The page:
ALBUM REVIEW: "Cinderella" 

Original Motion Picture Soundtrack
Walt Disney Records

After a particularly brutal winter, no score is better suited to usher in the spring than Patrick Doyle's shimmering, beautiful work for Disney's new live-action "Cinderella." Re-teaming with director Kenneth Branagh for their 11th film together, Doyle's score is brimming with classical orchestration and transforms into a waltz every chance it gets (the album even contains six stand-alone waltzes and polkas written by Doyle for the film's royal ball). Bringing to mind equal parts warm sunshine and elegant castles, the score is a joy to listen to from start to finish. It fits the princess-tale so perfectly, in fact, that Doyle's refusal to quote the 1950 animated film's beloved score and songs makes the feat even more impressive.

Leitmotifs abound and are given a workout with varied orchestration and tempos throughout the album. The fairy godmother's magic gets accentuated with chimes and children's choir in "Pumpkins and Mice," while Ella's primary theme adapts from grand-entrance elegance ("Who Is She") to royal-fanfare travel music ("Searching the Kingdom") as needed. A cheerful music-box-esque tune is first heard in the appropriately-sunny "A Golden Childhood," and later receives a spirited performance at the ball in "La Polka Militaire," showcasing Doyle's skill at versatile melodies. The album's best track, "The Stag," is its longest and one of its most varied: the music moves from fast-paced heroism, to tender violin romance before concluding with a heart-soaring rendition of the score's main theme.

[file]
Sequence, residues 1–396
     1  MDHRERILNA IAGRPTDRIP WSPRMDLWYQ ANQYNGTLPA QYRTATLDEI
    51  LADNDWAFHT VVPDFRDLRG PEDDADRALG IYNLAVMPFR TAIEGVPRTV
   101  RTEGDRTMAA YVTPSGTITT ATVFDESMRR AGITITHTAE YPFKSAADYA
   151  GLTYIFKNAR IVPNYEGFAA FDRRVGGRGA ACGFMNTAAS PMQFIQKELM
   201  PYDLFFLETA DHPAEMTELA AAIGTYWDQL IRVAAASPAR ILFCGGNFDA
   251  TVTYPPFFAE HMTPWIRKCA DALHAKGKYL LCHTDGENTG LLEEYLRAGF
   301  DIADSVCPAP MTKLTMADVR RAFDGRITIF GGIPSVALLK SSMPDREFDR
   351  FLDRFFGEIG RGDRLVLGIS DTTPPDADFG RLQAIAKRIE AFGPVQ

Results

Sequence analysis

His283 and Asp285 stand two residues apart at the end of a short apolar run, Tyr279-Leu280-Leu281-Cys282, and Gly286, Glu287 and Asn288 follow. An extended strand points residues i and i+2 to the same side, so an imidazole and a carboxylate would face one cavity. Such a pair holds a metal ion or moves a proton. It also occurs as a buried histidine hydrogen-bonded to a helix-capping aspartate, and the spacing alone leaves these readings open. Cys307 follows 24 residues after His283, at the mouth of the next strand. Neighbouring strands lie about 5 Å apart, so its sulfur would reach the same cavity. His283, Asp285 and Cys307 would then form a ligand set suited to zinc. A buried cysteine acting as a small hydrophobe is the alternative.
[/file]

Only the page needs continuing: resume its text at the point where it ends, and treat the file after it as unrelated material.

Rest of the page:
The album concludes with a trio of songs not contained in the narrative portion of the film. "Strong," performed by Sonna Rele and written by Doyle, Branagh, and Tommy Danvers, is the requisite inspirational end-credit pop song. Tacked on at the end are, amusingly, two of the aforementioned 1950 film's songs, performed by actresses from this film. Helena Bonham Carter seems to be having a blast flitting through the nonsense-lyrics of the Oscar-nominated "Bibbidi-Bobbidi-Boo (The Magic Song)," while Lily James does a lovely job with "A Dream is a Wish Your Heart Makes" — one of the best songs in Disney's history — not-surprisingly transformed into a waltz for this arrangement, complete with lush orchestration courtesy Doyle and co-orchestrator James Shearman.

Shop local in Rochester! Buy this album from Lakeshore Records, or check The Record Archive, The House of Guitars, or The Bop Shop

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